In-store bakeries are raking in the dough ? relatively speaking ? when it comes to breads and rolls, which were found to be the commanding best-sellers in a department that remains an essential ingredient in a supermarket?s overall fresh portfolio, according to the latest findings of Progressive Grocer?s 2014 Retail Bakery Review.
Nabbing the first and fifth slots, respectively, on our annual in-store bakery survey?s top seller leaderboard, breads and rolls flank a trio of inherently sweet stalwarts ? cakes, cookies and doughnuts ? which collectively position the department as a frequent destination for shoppers in search of higher-quality options to enhance their sandwiches, burgers and family feasts.
Among the key highlights of PG?s exclusive ?state of the in-store bakery? study ? data for which is accumulated from the direct input of supermarket bakery executives responding to our annual survey ? the vast majority of panelists (67.4 percent) reported that in-store bakery sales had generated increases during the 12-month measuring period. More evidence that the average supermarket bakery is keeping pace with consumer preferences these days is the negligible 5.9 percent of survey panelists who reported declining category sales in the past year, alongside 29.4 percent whose comparable bakery sales remained unchanged.
When asked about the same-store bakery sales outlook for the next three fiscal operating quarters, respondents expect no radical changes, although the gap widened a tad among the 8.1 percent who predict a decrease, likely attributable to uncertainty regarding escalating ingredient costs and related purchase patterns. By the same token, however, a near-identical two percentage points were added to the positive side of the ledger among 70.6 percent of PG?s 2014 bakery survey participants forecasting increases for the coming year. Meanwhile, 21.3 percent anticipate no changes in either direction.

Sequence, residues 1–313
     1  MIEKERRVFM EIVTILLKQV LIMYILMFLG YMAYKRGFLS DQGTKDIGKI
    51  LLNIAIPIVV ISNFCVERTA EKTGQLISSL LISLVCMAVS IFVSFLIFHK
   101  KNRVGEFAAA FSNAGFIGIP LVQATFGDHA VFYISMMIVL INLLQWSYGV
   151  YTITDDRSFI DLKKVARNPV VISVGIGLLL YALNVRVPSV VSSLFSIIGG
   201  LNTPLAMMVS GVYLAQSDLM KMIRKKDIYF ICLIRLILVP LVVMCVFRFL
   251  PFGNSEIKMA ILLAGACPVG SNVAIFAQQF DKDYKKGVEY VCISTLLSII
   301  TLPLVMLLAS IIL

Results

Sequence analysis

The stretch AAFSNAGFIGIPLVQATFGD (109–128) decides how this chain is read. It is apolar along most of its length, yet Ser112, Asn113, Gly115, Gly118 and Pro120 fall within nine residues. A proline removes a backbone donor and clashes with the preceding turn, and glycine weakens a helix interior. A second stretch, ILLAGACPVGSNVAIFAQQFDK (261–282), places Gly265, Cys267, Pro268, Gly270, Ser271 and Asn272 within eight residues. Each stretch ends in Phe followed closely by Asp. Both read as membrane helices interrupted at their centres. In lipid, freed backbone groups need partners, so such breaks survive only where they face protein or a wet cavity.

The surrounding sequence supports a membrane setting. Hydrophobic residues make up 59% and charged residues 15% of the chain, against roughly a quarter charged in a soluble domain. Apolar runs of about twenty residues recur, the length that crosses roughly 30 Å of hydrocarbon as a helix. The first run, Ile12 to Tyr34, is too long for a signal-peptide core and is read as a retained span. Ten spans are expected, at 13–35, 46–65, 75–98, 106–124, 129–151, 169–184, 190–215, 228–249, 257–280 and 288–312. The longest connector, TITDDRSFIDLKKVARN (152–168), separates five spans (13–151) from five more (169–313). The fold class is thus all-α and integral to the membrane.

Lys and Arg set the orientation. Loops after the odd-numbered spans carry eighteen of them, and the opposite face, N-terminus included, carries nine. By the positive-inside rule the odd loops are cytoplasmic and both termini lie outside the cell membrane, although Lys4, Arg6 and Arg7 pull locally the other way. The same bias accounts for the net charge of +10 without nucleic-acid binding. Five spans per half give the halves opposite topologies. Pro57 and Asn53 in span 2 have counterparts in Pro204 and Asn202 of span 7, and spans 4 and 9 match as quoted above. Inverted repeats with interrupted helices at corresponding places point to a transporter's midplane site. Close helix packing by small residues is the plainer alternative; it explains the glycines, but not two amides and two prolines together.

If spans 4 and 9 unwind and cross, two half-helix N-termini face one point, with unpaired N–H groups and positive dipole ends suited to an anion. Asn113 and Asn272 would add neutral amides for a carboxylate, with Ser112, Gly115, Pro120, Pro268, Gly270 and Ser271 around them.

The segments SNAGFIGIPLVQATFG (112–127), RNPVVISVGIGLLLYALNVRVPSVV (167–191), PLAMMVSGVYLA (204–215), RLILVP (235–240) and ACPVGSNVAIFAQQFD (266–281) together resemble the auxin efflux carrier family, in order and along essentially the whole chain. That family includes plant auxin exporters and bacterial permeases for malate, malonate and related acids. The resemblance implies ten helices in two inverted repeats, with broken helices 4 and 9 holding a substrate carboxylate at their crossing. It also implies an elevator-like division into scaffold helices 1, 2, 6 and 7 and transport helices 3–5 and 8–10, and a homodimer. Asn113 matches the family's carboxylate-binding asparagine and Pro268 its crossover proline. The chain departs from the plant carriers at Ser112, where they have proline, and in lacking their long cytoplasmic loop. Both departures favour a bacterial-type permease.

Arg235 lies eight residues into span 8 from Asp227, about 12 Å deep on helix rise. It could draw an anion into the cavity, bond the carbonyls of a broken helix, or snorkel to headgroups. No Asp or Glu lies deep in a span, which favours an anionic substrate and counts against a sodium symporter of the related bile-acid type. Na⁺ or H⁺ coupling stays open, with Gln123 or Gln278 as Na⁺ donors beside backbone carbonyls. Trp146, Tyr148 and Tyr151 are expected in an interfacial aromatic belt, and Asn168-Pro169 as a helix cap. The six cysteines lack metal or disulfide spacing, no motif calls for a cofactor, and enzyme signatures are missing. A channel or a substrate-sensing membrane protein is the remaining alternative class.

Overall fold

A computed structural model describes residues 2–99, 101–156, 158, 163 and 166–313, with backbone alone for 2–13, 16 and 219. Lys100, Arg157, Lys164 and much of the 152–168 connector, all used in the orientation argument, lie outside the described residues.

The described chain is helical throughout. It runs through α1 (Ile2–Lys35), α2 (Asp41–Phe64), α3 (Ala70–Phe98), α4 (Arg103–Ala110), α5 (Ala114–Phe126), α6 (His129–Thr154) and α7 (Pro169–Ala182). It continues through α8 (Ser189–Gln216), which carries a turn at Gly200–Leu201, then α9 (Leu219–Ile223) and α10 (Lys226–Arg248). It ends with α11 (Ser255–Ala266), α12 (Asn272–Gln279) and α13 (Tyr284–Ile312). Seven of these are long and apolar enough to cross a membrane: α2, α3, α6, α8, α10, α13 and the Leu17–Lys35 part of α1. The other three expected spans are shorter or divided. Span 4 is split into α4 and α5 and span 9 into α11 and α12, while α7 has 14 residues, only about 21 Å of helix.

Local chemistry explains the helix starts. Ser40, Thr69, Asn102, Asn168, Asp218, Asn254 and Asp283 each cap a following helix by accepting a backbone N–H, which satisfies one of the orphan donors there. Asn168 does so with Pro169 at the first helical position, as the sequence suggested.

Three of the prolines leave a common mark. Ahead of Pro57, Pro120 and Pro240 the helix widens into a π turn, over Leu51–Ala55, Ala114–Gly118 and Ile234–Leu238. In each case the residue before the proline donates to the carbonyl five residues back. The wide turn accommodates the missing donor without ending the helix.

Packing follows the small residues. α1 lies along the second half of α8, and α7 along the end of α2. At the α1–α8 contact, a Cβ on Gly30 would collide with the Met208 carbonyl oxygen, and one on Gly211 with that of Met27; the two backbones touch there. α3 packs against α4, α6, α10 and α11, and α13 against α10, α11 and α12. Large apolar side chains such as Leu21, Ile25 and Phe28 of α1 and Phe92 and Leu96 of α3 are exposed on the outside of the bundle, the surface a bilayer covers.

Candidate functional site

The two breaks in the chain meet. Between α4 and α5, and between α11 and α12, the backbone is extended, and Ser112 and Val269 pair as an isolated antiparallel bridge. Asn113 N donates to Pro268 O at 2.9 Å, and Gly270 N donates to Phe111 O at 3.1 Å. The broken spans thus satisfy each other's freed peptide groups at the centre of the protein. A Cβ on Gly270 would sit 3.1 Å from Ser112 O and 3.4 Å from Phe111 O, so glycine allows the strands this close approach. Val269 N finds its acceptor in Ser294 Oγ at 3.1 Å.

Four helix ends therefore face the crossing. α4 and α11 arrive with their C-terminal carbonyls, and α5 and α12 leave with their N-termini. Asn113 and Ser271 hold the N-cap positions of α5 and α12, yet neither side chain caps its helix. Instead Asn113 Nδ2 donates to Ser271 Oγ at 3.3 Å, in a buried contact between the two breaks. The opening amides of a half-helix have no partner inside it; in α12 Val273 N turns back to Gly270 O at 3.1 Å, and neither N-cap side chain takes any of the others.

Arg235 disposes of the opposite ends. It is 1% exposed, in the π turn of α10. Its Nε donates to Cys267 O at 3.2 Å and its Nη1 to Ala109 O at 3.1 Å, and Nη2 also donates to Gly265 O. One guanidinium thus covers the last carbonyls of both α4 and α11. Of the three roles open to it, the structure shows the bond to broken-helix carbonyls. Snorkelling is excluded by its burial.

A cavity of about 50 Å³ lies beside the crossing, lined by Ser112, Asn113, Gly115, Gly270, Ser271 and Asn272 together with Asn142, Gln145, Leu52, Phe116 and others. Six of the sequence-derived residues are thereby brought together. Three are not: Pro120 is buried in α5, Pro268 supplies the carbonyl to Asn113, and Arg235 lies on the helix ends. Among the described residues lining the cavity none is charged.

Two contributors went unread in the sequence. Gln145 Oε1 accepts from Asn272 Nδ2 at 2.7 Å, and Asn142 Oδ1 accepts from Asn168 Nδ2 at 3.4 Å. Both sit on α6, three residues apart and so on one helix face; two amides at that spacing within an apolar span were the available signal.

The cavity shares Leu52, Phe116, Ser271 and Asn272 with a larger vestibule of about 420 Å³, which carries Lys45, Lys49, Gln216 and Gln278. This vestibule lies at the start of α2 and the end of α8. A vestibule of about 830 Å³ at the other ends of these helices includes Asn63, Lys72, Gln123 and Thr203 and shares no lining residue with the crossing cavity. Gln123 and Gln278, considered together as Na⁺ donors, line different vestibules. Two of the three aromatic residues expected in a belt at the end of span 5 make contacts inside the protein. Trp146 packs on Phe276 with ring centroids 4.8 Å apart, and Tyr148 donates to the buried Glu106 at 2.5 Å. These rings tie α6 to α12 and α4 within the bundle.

Although comparable bakery department profits dipped five points to 53.3 percent among this year?s panelists, the tempo appears to have stabilized among the 33.4 percent reporting no changes. Yet 13.3 percent reported downward year-to-year margins, on par with last year?s tally, which can be interpreted as somewhat decent news when considering that in PG?s annual bakery study two years ago, 22 percent of bakery panelists reported profit declines.
Accordingly, with the ongoing success of bakery cafés and more shoppers on the hunt for quick, convenient, premium breakfast options, the in-store bakery is ideally situated to profit from the shifts. Moreover, with more consumers primed for smaller-portioned products, more wholesome ingredients and ?free-from? items, supermarket bakeries have ample opportunities to win more sales and gain greater returns.
Cakes remain king as the most popular and profitable performer in terms of both dollar and volume contributions, and are accordingly crucial for retailers to focus on. Equally critical are rolls and breads, which are showing steady gains as a result of the popularity of at-home sandwiches made with higher-quality breads and different varieties of rolls. Cookies are another regular go-to item in the in-store bakery, buoyed by their appeal as a small indulgence for grown-ups, a special treat for kids, and tasty options for celebrations and gatherings. Doughnuts and pies also remain solid bakery contributors among this year?s retail bakery panelists, who affirm that grocery shoppers are actively partaking ? at least occasionally ? in sweet bakery treats.